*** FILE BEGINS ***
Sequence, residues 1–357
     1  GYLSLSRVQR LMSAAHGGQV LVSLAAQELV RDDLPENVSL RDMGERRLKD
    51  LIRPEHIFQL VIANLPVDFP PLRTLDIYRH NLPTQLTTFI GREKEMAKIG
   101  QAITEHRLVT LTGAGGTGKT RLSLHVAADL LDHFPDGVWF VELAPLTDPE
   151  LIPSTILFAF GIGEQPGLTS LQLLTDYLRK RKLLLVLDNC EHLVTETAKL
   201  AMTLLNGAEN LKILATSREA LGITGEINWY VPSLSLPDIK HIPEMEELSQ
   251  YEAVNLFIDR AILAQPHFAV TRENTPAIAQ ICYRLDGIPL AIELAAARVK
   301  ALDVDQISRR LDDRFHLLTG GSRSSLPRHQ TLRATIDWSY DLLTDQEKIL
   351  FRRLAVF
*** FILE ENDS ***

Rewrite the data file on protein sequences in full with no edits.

Sequence, residues 1–357
     1  GYLSLSRVQR LMSAAHGGQV LVSLAAQELV RDDLPENVSL RDMGERRLKD
    51  LIRPEHIFQL VIANLPVDFP PLRTLDIYRH NLPTQLTTFI GREKEMAKIG
   101  QAITEHRLVT LTGAGGTGKT RLSLHVAADL LDHFPDGVWF VELAPLTDPE
   151  LIPSTILFAF GIGEQPGLTS LQLLTDYLRK RKLLLVLDNC EHLVTETAKL
   201  AMTLLNGAEN LKILATSREA LGITGEINWY VPSLSLPDIK HIPEMEELSQ
   251  YEAVNLFIDR AILAQPHFAV TRENTPAIAQ ICYRLDGIPL AIELAAARVK
   301  ALDVDQISRR LDDRFHLLTG GSRSSLPRHQ TLRATIDWSY DLLTDQEKIL
   351  FRRLAVF